The laying curves (Figure 1) showed that the rate of lay was less in NN crosses compared with  RIR x Fayoumi and Fayoumi. At the age of 37 weeks almost all the breeds/breed combinations had a tendency to increase the laying intensity. The NN crosses did not rise to the level of the other two and after 44 weeks they tended to have a fall in production. In case of RIR x Fayoumi and Fayoumi they remained on the level of 30 to 45%. Although the pattern of the curve was similar both for RIR x Fayoumi and Fayoumi, RIR x Fayoumi was found to lay at a higher intensity except for the last 3 weeks. The laying curve indicates that RIR x Fayoumi and Fayoumi still have good chances of production in the next laying period. The poor potential of the NN hybrids might be due to their pronounced broody character, which obviously is brought into the cross by the NN cocks.

Figure 1. Rate of lay for hen housed production


Location had no effect on egg production in the present study (Table 3). In contrast to this Rahman et al (1997) reported significant differences in egg production at three locations of the country with different cropping patterns. This may just illustrate that within the three locations of this study, there are no definite differences reflected in the laying pattern of the hens. In the present study the highest rate of lay, hd was obtained with the highest level of supplementary feed (Table 2). The results indicate that the level of supplementary feed biologically influences the hens. Although significant interaction of breed x supplement was not found (P=0.28 for rate of lay, hh), the data illustrated a higher influence of supplement on RIR x Fayoumi than on NN crosses. Ahmed and Islam (1985) reported significant improvement in egg production with a provision of supplementary feed. Rashid et al  (1995) reported similar findings in ducks.


Body weight

Body weight was lowest in NN x Fayoumi (Table 1). Huque (1999) found similar results of lowest body weight in NN x Fayoumi compared with that of NN x NN, NN x RIR, NN x WLH, RIR x RIR, WLH x WLH, and Fayoumi x Fayoumi at the age of the first egg in a scavenging system. Variation in size is highly genetically determined (Nordskog and Briggs 1967) which underlines findings of many authors to the effect that body size has a high heredity ranging from 0.4 to 0.6.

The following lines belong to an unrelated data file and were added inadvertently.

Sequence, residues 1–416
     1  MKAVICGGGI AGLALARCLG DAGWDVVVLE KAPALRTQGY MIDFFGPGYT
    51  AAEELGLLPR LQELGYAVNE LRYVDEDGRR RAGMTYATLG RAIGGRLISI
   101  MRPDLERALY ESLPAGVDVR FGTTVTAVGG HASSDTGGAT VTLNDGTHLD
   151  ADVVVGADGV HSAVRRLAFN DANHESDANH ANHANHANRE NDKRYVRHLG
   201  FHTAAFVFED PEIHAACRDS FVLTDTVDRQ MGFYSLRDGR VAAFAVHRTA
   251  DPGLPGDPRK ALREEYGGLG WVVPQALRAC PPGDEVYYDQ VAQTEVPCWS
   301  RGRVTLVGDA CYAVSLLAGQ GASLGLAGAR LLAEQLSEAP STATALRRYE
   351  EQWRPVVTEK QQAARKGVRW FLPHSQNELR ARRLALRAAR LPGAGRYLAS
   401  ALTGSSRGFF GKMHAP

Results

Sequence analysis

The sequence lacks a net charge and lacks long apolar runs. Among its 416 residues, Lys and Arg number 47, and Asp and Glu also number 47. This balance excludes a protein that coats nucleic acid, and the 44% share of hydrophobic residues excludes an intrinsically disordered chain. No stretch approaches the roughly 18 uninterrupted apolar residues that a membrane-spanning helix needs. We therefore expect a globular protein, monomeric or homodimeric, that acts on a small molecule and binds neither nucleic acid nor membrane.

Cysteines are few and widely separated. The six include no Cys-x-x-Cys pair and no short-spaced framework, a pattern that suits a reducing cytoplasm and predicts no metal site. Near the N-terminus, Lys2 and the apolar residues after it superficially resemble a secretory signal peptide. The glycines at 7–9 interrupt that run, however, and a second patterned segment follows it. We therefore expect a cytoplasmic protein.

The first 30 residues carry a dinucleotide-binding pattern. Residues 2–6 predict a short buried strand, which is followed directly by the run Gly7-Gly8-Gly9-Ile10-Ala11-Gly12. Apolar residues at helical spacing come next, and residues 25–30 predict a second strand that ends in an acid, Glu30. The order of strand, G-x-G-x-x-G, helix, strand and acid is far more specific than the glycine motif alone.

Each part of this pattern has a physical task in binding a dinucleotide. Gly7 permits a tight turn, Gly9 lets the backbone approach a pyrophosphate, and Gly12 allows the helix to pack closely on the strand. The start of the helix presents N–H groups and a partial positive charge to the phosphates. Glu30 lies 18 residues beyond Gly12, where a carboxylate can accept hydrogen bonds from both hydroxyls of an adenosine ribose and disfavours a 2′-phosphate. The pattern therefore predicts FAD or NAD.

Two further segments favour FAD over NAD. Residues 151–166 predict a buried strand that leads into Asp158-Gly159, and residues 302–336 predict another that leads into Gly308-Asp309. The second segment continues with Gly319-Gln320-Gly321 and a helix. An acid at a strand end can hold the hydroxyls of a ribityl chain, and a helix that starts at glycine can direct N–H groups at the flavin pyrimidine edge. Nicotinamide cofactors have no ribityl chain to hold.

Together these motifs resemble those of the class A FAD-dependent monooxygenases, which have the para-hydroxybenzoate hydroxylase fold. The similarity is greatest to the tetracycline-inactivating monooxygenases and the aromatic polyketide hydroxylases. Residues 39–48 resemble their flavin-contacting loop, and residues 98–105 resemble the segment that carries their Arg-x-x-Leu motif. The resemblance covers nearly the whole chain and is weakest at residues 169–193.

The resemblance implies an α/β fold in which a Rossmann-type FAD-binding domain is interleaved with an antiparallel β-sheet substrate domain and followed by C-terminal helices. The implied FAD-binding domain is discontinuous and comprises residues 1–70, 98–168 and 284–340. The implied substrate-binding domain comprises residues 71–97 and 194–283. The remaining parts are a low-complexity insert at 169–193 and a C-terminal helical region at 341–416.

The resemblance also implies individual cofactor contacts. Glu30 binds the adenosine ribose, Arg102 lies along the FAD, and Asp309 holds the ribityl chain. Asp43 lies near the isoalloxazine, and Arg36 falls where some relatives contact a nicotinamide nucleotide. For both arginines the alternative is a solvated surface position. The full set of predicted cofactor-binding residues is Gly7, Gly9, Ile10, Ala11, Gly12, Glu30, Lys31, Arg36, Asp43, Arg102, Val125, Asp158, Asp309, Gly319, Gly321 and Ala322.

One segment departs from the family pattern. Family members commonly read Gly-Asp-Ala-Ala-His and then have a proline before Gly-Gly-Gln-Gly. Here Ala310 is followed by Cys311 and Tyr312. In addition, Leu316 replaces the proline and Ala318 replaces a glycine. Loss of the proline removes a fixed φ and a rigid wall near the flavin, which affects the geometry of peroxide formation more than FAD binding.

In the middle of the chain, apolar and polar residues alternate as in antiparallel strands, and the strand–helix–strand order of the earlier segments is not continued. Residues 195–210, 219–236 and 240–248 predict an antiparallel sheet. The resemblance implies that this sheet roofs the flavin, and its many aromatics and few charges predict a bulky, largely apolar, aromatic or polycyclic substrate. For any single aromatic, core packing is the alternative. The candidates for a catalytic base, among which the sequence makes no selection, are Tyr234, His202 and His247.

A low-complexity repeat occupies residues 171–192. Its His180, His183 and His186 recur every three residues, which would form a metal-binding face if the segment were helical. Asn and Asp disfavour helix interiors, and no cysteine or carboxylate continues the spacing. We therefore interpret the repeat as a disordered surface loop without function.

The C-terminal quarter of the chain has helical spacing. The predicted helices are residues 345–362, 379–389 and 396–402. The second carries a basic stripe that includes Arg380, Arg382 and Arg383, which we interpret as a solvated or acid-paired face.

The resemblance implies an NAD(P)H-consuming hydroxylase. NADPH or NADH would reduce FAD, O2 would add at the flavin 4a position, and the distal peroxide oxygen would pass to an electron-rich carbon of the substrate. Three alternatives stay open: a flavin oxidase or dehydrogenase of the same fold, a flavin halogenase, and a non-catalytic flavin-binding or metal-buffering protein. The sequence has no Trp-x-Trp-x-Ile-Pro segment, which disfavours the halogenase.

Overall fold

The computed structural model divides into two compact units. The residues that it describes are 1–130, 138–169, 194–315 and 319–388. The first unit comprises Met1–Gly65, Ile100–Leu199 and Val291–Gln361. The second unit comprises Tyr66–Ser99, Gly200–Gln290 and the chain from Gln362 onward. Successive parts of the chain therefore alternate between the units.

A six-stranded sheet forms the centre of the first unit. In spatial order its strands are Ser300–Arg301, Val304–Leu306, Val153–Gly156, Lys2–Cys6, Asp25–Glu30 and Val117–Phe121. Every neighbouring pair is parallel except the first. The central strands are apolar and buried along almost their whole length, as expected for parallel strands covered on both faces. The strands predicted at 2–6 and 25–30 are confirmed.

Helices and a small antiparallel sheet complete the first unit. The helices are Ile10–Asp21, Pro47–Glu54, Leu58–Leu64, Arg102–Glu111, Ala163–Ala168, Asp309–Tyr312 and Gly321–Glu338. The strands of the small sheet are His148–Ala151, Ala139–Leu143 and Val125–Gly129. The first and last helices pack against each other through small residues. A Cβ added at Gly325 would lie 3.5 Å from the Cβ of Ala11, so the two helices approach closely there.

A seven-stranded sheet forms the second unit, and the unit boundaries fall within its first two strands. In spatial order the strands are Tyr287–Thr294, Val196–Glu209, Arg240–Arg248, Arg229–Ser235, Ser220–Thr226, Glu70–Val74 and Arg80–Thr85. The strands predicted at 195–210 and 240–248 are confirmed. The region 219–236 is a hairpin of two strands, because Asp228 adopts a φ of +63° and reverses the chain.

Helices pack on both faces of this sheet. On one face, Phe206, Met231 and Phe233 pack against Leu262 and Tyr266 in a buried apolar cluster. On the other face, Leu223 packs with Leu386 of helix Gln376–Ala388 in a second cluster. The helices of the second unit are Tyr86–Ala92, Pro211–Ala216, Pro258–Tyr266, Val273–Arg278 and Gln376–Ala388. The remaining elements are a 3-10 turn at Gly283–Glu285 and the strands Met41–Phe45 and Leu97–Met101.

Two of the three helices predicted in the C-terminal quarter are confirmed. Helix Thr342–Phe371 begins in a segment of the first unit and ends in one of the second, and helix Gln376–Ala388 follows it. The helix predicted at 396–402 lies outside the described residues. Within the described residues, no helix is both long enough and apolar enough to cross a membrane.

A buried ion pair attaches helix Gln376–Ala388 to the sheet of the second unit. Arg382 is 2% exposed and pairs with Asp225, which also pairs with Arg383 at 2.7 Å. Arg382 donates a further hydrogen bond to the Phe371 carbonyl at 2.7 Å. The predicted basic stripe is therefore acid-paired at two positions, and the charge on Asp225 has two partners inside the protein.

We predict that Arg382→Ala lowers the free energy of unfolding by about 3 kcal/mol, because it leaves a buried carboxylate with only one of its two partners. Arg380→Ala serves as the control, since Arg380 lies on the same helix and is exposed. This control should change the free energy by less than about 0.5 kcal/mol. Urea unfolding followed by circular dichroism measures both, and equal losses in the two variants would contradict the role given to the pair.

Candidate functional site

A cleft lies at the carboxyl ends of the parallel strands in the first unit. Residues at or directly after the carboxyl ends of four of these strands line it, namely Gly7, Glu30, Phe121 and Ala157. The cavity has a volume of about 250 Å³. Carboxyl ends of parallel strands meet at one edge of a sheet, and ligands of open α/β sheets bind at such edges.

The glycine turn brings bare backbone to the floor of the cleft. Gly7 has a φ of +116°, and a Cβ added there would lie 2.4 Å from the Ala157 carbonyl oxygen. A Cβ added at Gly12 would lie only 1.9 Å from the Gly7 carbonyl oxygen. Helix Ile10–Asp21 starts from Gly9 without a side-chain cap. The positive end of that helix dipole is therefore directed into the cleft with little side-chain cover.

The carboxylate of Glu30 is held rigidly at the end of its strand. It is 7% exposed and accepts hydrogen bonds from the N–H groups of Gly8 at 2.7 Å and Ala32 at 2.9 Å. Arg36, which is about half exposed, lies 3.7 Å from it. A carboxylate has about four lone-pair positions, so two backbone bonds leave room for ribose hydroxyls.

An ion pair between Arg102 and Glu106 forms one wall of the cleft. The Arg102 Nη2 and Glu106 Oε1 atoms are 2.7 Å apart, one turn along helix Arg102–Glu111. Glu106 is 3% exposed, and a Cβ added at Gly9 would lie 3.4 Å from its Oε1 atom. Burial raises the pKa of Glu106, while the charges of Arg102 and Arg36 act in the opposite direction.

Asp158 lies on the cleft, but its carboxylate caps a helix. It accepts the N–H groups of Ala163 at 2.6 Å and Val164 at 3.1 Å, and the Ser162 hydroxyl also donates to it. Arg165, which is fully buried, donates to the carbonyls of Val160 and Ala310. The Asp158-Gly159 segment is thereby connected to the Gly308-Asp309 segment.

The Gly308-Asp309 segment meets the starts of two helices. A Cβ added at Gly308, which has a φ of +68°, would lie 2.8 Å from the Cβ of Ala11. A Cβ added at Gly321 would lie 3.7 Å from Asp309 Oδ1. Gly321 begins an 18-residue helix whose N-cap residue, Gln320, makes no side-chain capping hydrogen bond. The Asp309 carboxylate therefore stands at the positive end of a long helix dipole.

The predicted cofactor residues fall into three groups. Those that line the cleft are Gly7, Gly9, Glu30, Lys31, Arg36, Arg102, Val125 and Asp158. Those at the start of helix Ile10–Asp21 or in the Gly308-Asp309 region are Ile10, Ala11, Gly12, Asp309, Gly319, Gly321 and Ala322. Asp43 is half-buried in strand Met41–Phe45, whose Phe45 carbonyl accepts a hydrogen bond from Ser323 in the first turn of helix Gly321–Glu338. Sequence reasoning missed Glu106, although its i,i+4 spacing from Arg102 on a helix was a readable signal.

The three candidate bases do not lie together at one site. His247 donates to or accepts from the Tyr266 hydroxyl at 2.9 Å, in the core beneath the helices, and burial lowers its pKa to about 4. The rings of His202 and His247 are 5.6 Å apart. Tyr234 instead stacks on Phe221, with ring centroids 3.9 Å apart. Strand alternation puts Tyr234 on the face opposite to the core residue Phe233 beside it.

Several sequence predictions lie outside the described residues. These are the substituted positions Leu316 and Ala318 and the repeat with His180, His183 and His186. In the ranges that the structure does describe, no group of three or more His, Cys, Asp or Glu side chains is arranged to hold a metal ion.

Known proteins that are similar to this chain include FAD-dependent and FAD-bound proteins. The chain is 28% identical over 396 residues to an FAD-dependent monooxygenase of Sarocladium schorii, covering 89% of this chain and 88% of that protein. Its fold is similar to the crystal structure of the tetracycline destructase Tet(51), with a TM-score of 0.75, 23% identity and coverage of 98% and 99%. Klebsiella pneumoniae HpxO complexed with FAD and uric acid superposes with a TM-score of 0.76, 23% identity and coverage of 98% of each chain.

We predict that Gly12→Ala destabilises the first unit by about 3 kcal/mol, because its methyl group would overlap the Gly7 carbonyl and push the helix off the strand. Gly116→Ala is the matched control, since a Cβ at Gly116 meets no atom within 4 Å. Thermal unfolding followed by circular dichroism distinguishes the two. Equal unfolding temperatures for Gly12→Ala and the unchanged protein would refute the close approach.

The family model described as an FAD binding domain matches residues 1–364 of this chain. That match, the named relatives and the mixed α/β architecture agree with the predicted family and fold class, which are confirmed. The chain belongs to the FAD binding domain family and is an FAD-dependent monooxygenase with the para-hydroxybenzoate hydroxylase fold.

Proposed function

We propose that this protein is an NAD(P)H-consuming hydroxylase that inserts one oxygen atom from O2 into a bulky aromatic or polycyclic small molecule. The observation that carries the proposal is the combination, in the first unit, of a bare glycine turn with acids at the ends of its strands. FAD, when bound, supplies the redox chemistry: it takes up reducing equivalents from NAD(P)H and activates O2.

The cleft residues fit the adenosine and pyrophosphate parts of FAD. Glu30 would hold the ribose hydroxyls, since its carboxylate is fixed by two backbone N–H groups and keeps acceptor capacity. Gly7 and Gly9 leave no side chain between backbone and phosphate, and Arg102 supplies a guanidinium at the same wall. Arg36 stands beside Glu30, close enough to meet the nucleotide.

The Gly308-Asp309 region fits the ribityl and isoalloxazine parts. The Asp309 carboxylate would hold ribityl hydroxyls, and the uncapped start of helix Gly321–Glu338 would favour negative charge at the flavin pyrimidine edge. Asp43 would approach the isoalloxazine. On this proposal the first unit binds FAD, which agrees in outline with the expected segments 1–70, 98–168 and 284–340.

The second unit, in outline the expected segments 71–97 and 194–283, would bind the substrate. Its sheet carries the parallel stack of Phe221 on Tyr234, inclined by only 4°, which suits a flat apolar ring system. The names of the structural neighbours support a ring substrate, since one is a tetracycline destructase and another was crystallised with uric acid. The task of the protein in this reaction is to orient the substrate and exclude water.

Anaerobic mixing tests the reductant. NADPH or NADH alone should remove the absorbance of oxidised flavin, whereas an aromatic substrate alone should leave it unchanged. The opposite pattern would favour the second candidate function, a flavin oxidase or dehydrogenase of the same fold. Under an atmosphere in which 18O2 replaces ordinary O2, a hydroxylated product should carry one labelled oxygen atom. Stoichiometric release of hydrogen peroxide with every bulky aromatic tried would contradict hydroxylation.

It has been reported that cross-breeding with improved breeds and provision of supplementary feed significantly improve body weight both in chicken (Ahmed and Islam 1985) and ducks (Rashid et al 1995). We did not find this, as no significant effect of supplement on body weight was seen, nor was any breed x supplement interaction observed.


Mortality

Mortality (excluding predators) was not significantly different among the breeds/breed combinations (Table 1) and the lowest was observed in RIR x Fayoumi. Rahman et al (1997) showed significantly lower mortality in RIR x Fayoumi than in other cross-breeds of Lohmann Brown, RIR, Fayoumi, White Leghorn (WHL), and RIR x WLH. In contrast Amin et al (1992) obtained higher mortality (55%) in RIR x Fayoumi compared with indigenous chicken in a scavenging system. Differences of genetic resistance might be the cause of differences in mortality between breeds.